If you are a creationist, please read on and answer the following question.
If you know a creationist who can answer this question, please pass it on.
An interesting comment was made in a television
programme a while ago (January 2006). 'Why are they [creationists] always
picking on us [biologists]? Why don't they ever have a go at physicists?' This
is a fair point. Creation is not about biological entities alone, it is about
everything. Biology (via the topic of evolution) gets more attention than cosmology. That is not to say that cosmology gets no attention. However, certainly in the British media, where creationism - or latterly 'intelligent design' - receive attention, the focus is on biology.
There is a question relevant to astrophysics that, for a long time, I have wished creationists would answer.
As I understand them, Christian creationists believe that the Bible is literally true. For example, they claim everything was created in six days before God rested on the seventh. When they read the term 'day' they understand this as meaning a typical twenty-four hour day; it is not a euphemism for some other period of time. That being the case, creationists must, therefore, believe what follows logically from this.
Thus, what puzzles me is this. Since the Sun came to be created on the fourth day and there had already been three days – three cycles of evening and morning – before that, it must follow that day and night does not depend on whether the Sun’s light happens to be shining on the Earth or not. If one reads the verse carefully, one should see that although the Sun and the Moon do give light to the Earth, they were created to rule the day and the night that was already there. Thus, should the Sun go out, day and night must continue unabated in the same way as before the Sun was created. (I have included the Bible verses relevant to day four of creation below.)
Thus, my question is –
Do creationists really believe this to be the case; do they really believe that day and night would continue as before, if the Sun were to go out? That is, after all, the logical consequence of adopting a literal reading of Genesis 1: 14-19.
The idea of the Sun going out is not some whimsical flight of fantasy. This does occur naturally during a solar eclipse. When the Moon eclipses the Sun the sky darkens. According to the literal reading of Genesis, this should not happen if daylight existed prior to sunlight. During a solar eclipse the sky should not darken!
The darkening of the sky during a solar eclipse suggests, however, that the Sun is the only source of daylight and should the Sun fail to shine then there would be no daylight. This is quite the opposite of what is to be believed if Genesis is to be taken literally. See, for example, Astronomy Picture of the Day: January 2nd 2011.
This paradox is also mentioned on 'RationalWiki - Creation Week'.
If you are a creationist, I would genuinely like to
hear what your thoughts are in response to this question. Alternatively, Jewish
scholars may also be interested to respond to this question. I am not the first
to have asked this question or one like it. I understand that it was a problem
addressed by RabbiAbraham Kook (1864-1935). However, I do not know what his conclusions were. Perhaps you know and can tell me.
Please, send you thoughts to me by email.
14 And God said, Let there be lights in the firmament of the heaven to divide the day from the night; and let them be for signs, and for seasons, and for days, and years:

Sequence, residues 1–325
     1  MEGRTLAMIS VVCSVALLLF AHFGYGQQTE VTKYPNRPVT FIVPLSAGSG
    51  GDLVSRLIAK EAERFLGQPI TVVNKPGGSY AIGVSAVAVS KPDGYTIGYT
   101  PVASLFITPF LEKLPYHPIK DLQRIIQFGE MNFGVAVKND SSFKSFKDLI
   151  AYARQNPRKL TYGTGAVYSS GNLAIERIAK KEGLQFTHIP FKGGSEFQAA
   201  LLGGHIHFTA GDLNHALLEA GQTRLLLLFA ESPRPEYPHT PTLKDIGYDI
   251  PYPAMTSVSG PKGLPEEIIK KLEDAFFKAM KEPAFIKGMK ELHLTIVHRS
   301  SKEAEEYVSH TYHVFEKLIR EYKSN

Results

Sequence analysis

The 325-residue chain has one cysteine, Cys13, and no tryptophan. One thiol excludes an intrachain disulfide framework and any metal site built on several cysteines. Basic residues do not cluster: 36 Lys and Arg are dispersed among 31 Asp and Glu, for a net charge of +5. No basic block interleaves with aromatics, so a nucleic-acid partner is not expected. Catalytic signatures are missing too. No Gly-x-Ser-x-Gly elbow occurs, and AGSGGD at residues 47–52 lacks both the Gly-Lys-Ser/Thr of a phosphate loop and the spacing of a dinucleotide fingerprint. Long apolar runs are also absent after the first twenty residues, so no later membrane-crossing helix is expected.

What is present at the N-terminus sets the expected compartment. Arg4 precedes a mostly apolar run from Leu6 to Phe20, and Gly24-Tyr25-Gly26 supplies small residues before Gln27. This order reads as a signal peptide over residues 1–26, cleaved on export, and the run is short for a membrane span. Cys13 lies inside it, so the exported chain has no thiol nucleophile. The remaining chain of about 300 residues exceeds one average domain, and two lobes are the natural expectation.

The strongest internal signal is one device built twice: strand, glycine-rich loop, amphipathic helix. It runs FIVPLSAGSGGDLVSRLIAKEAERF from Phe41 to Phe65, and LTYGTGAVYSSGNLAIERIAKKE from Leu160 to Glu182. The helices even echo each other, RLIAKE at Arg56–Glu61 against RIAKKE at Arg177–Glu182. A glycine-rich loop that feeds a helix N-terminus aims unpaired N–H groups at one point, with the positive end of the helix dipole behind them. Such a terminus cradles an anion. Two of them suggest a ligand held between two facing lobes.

15 And let them be for lights in the firmament of the heaven to give light upon the earth: and it was so.
16 And God made two great lights; the greater light to rule the day, and the lesser light to rule the night: he made the stars also.
17 And God set them in the firmament of the heaven to give light upon the earth,
18 And to rule over the day and over the night, and to divide the light from the darkness: and God saw that it was good.
19 And the evening and the morning were the fourth day.
The same idea of the sun and moon ruling by day and by night respectively, is repeated in Psalm 136.
1 O give thanks unto the LORD; for he is good: for his mercy endureth for ever....
5 To him that by wisdom made the heavens: for his mercy endureth for ever.
6 To him that stretched out the earth above the waters: for his mercy endureth for ever.
7 To him that made great lights: for his mercy endureth for ever:
8 The sun to rule by day: for his mercy endureth for ever:
9 The moon and stars to rule by night: for his mercy endureth for ever.
Christians and Evolution
Many people working in the clinical professions are Christians and have chosen their careers as an outworking of their faith. The same can, of course, be said of those of others faiths as well. This means that these people work at a point where science and religion meet and are potentially in the cross-fire from both sides. However, just how bi-partisan is the situation? Sometimes it appears - especially in the media - that science and religion are diametrically opposed and their respective adherents irreconcilable. However, not all Christians are biblical literalists, fundamentalists or anti-evolution. In fact, it is only a minority that are. Currently, it is those that are anti-evolution who are the most vociferous and get most attention. (Afterall, those who adopt a commonsense, mainstream position are hardly likely to attract much, if any, media attention.) However, there are Christians who have decided to respond to those who take an anti-evolutionary stance. To that end, there are churches which celebrate Evolution Sunday (now Evolution Weekend) every year on the closest Sunday/Weekend to Charles Darwin's birthday (12th February). For more information, see: The Clergy Letter Project website.
Comments are also welcome in the box below.